'I THINK Aids has certainly changed me as a writer,' David Rees told me. 'I think it is instrumental in stopping me writing. I feel my life as a gay man is virtually finished, and I've nothing left to write about and it's Aids as much as anything that has done that, though Aids itself has been interesting to write about from time to time . . .'
But the writing didn't stop. Not For Your Hands: an autobiography appeared in 1992 (although it had been written at least two years earlier) as did Packing It In, travel articles arranged to form a year-long journal. Rees's final book Words & Music, essays on writers and composers who are gay, will be published this autumn. Writing was such a compulsion, Rees didn't cease until a year ago.
David Rees's literary career falls into three distinctive 'periods': books for children and young adults (Storm Surge, 1975, to Holly, Mud and Whisky, 1981): novels for adults about homosexuality (The Milkman's On His Way, 1982, to The Colour of His Hair, 1989) and essays on, primarily, aspects of gay life (Letters to Dorothy, 1990, to Words & Music, 1993).
However, social issues in general, and homosexuality, in particular, were covertly evident from the first book: Storm Surge, in which young male attraction to young male is a sub-text. Rees uses the symbolic name Aaron for a sexually potent youth, setting up a prototype who was to appear in at least two more books: In the Tent, 1979, and The Estuary, 1983. It was clear in which direction his writing would go.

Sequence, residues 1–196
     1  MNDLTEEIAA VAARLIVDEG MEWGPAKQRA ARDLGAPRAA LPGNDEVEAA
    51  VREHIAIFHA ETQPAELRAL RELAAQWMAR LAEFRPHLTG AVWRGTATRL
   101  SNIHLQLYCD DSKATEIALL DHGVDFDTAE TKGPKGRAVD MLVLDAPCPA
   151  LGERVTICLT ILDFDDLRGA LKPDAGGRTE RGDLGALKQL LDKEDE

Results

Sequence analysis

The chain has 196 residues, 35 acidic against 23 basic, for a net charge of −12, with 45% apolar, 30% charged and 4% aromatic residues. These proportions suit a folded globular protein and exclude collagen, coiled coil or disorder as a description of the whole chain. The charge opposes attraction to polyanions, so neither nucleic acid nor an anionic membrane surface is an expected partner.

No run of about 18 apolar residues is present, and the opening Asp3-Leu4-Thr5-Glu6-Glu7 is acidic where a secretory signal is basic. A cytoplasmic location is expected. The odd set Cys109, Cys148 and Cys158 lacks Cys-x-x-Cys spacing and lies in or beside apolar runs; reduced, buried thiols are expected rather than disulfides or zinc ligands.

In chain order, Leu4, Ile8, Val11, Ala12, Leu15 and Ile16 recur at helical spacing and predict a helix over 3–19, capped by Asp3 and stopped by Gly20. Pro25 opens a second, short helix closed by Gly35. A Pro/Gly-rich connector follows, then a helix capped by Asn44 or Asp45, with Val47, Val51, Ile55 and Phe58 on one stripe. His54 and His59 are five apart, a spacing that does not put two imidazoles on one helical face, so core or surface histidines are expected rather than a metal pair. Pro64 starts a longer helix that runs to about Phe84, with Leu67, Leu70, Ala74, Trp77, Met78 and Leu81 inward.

The stages of Rees's writing career corresponded with his own personal development. Rees didn't fully come to terms with his homosexuality until relatively late in life (after marriage and fatherhood). 'I came out when I was 37 and had my first novel accepted for publication that year. The two things are inextricably bound up together, there's no doubt about it.'
Rees was a a lecturer in English at St Luke's College, Exeter (1968-78), and Exeter University (1978-84). He took early retirement in 1984, to concentrate on writing.
Rees's The Milkman's On His Way (1982) has sold in excess of 25,000 copies. It is probably the most successful British gay novel to have appeared from a small, specialist press, helped perhaps by the controversy surrounding it during the passage of Clause into Section 28. He was most proud of his Carnegie-Medal-winning The Exeter Blitz (1978) and The Green Bough of Liberty (1980), winner of the Children's Rights Workshop Other Award. It seems likely that it will be the books for children and young adults which endure beyond the more explicit gay fiction.
Erudite and companionable, David Rees could also be pernickety and downright cantankerous. He wasn't always the easiest of friends, particularly as illness took its toll. But he was never dull.
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